In State v. Counts (1984), 209 Mont. 242, 679 P.2d 1245, a juror and a key witness for the prosecution, who were acquaintances, had lunch together during the trial.Summary of this case from State v. DeGraw
Submitted on Briefs December 8, 1983.
Decided April 19, 1984.
Appealed from the District Court of Park County. Sixth Judicial District. Hon. Byron Robb, Judge Presiding.
Cok Wheat, Michael D. Cok, Bozeman, for defendant and appellant.
Mike Greely, Atty. Gen., Helena, Wm. Nels Swandal, County Atty., Livingston, for plaintiff and respondent.
Following a jury trial in the District Court of Park County, defendant was convicted of the offenses of aggravated assault and attempted aggravated assault under Sections 45-5-202(1)(a)(c) and 45-4-103(1)(a), MCA. He was sentenced to five years in the penitentiary for each offense. The terms were to be served concurrently with the last three years of each sentence suspended. He was also sentenced to a consecutive two-year term for the use of a firearm. Defendant appeals. We affirm the judgment of the District Court.
The sole issue presented is whether the District Court erred in denying the defendant's motion for a mistrial on the grounds of a juror's communication during lunch with a key prosecution witness.
The criminal offenses occurred in Park County at the home of Mrs. Girdler. Defendant and his nephew were visiting Mrs. Girdler on the morning of September 23, 1982. The State's evidence is summarized as follows. John Renbourne, a neighbor of the Girdlers, arrived at the Girdler home to deliver some photographs. As Renbourne approached the house, he met defendant and his nephew. Renbourne extended his hand in greeting to defendant, but defendant struck Renbourne, knocked him to the ground and repeatedly kicked him. Mrs. Girdler witnessed the incident. When she screamed, the defendant ceased the kicking. After Renbourne had gone into the Girdler home to clean his wounds, defendant pulled a gun out of his pocket and pointed it at Renbourne.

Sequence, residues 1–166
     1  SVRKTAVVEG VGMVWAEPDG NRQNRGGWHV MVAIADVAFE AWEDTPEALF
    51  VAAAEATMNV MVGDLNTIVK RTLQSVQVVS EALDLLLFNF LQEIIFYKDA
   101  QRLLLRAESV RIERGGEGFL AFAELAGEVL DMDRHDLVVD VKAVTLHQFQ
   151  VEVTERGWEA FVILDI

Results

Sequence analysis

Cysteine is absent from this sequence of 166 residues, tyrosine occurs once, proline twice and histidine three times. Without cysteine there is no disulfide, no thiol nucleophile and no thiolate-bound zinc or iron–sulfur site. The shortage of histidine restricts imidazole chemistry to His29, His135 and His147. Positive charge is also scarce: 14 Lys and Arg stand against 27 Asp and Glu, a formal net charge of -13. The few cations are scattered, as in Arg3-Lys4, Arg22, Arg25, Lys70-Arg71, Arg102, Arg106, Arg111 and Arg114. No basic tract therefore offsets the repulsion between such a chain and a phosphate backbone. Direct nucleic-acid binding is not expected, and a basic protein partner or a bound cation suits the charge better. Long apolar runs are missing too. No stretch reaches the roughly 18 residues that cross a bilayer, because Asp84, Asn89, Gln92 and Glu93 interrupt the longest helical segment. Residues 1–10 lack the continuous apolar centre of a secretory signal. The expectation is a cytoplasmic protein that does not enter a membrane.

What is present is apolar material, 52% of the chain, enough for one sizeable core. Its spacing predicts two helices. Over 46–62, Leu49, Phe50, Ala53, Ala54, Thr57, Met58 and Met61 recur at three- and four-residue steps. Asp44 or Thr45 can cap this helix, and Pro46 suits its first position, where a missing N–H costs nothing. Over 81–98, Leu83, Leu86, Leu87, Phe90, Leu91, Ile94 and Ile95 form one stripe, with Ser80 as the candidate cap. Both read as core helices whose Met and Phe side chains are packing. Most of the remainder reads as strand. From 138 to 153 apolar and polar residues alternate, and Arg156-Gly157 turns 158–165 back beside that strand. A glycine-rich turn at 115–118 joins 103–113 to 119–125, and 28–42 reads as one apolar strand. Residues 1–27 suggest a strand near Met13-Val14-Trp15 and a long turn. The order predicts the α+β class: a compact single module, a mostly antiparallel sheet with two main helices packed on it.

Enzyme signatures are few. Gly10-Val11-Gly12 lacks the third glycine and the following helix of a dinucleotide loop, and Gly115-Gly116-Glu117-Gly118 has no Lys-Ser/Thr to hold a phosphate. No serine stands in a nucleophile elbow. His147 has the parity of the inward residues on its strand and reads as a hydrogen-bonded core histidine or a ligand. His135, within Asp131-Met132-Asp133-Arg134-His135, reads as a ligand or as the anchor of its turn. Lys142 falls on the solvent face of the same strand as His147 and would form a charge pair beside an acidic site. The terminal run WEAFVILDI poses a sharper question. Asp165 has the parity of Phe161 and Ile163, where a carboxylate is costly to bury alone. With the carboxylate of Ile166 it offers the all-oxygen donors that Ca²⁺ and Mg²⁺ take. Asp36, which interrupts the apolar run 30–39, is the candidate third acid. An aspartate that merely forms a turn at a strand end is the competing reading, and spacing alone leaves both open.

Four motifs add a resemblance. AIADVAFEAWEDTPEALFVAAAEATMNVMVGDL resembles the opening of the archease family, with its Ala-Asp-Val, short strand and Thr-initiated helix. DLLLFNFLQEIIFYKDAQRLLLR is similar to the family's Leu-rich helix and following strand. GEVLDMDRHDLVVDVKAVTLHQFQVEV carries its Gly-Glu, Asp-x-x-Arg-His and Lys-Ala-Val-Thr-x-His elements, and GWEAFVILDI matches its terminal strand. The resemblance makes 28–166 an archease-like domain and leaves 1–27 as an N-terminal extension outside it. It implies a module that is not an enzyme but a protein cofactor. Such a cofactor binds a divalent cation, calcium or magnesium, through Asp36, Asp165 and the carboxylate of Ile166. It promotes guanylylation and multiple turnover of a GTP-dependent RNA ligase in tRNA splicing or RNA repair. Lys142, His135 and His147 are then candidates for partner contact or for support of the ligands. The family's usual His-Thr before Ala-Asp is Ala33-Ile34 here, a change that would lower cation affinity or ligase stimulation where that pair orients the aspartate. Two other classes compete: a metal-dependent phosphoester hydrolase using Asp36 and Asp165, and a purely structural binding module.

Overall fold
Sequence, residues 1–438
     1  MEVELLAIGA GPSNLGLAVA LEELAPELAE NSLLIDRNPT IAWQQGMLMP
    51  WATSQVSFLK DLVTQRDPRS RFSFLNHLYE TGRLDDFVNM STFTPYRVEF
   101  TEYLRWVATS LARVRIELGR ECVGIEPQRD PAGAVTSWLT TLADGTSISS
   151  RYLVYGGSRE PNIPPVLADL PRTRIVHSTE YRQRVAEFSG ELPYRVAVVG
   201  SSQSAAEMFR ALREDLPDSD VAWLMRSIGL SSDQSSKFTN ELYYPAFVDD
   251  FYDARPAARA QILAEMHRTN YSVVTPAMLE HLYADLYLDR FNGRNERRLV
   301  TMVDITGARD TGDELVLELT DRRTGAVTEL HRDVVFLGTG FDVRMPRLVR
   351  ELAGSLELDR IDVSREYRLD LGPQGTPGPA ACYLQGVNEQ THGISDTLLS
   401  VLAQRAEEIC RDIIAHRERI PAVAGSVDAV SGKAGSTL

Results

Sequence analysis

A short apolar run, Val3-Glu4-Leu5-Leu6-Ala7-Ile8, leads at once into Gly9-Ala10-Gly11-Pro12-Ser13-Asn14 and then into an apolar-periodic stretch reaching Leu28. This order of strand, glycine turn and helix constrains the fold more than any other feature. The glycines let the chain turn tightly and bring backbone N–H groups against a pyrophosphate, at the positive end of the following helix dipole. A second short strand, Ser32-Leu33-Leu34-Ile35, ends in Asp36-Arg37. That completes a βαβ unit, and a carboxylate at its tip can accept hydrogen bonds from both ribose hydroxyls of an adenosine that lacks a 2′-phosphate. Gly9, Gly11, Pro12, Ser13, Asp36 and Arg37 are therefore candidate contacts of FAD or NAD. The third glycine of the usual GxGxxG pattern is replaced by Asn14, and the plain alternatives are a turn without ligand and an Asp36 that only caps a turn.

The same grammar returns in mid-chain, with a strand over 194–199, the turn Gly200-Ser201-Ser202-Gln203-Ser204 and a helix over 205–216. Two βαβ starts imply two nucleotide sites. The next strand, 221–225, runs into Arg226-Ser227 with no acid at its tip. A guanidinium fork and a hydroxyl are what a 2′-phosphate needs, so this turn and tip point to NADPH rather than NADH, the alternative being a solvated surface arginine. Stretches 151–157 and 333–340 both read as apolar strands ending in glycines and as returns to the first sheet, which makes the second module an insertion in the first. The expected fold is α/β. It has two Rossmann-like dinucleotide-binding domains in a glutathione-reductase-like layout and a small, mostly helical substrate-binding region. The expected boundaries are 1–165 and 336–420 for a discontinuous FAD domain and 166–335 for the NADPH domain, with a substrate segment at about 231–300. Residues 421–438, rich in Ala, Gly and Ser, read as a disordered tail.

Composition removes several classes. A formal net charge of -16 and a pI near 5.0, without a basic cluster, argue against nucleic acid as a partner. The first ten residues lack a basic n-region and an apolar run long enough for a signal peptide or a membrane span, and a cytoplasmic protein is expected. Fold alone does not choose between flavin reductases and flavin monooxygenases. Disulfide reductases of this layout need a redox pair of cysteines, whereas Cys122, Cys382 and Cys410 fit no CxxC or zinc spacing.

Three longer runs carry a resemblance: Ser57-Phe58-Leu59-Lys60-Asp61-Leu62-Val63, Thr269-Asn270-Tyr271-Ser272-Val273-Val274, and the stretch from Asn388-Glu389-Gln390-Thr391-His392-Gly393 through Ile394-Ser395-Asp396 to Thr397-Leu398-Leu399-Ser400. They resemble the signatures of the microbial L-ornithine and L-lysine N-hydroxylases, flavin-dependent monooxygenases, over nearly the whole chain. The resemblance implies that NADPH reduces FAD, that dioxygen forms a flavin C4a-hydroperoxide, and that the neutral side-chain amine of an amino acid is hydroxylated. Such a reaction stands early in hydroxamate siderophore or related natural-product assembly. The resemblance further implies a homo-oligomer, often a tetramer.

Defendant's testimony was corroborated by his nephew. Defendant admitted striking and kicking Renbourne and also pulling his gun on Renbourne. He claimed that these acts were justified by self-defense. Defendant testified that Renbourne approached him with a gun, that Renbourne was fighting and kicking him, and that he pulled the gun because Renbourne said: "Shoot me, shoot me, shoot me or I will kill you."
No question is raised as to the sufficiency of the evidence to convict on both counts charged. The sole issue pertains to alleged jury misconduct involving Mrs. White, a juror, and Mrs. Girdler, who testified as a witness for the prosecution. During the lunch recess on the first day of trial, juror White and her husband were seated at a restaurant in Livingston. Mrs. Girdler came in and was invited by Mrs. White to join them for lunch. They spent about thirty minutes having lunch. Both Mrs. White and Mrs. Girdler testified that their conversation did not concern the defendant or the trial.
Both the District Court and counsel for the defendant questioned Mrs. White and Mrs. Girdler at length. Because of the possible appearance of improper conduct, we set forth significant portions of the examination by the court of juror White and witness Girdler:
"THE COURT: Mrs. White, it has been mentioned here that the last recess just before noon that someone had seen one of the lady jurors talking to Mrs. Girdler as they were leaving. Do you know Mrs. Girdler?